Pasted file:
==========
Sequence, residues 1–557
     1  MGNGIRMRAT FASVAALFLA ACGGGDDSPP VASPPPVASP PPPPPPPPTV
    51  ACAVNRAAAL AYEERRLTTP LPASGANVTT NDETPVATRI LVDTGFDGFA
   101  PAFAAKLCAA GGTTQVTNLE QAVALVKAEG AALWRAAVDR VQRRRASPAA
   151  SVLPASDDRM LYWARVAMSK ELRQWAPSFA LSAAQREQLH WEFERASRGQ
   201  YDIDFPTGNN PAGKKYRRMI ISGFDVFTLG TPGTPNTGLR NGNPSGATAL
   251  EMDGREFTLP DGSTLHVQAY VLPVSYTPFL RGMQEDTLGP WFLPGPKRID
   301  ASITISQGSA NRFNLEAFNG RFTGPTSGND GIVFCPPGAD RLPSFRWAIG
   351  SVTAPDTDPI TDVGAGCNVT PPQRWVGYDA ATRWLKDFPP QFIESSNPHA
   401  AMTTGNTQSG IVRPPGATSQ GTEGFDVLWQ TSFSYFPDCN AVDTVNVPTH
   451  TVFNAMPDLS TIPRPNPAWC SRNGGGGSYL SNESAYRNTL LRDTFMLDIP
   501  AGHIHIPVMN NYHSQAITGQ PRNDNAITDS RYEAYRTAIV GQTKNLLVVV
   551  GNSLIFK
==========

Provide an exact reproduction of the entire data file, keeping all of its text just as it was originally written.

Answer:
Sequence, residues 1–557
     1  MGNGIRMRAT FASVAALFLA ACGGGDDSPP VASPPPVASP PPPPPPPPTV
    51  ACAVNRAAAL AYEERRLTTP LPASGANVTT NDETPVATRI LVDTGFDGFA
   101  PAFAAKLCAA GGTTQVTNLE QAVALVKAEG AALWRAAVDR VQRRRASPAA
   151  SVLPASDDRM LYWARVAMSK ELRQWAPSFA LSAAQREQLH WEFERASRGQ
   201  YDIDFPTGNN PAGKKYRRMI ISGFDVFTLG TPGTPNTGLR NGNPSGATAL
   251  EMDGREFTLP DGSTLHVQAY VLPVSYTPFL RGMQEDTLGP WFLPGPKRID
   301  ASITISQGSA NRFNLEAFNG RFTGPTSGND GIVFCPPGAD RLPSFRWAIG
   351  SVTAPDTDPI TDVGAGCNVT PPQRWVGYDA ATRWLKDFPP QFIESSNPHA
   401  AMTTGNTQSG IVRPPGATSQ GTEGFDVLWQ TSFSYFPDCN AVDTVNVPTH
   451  TVFNAMPDLS TIPRPNPAWC SRNGGGGSYL SNESAYRNTL LRDTFMLDIP
   501  AGHIHIPVMN NYHSQAITGQ PRNDNAITDS RYEAYRTAIV GQTKNLLVVV
   551  GNSLIFK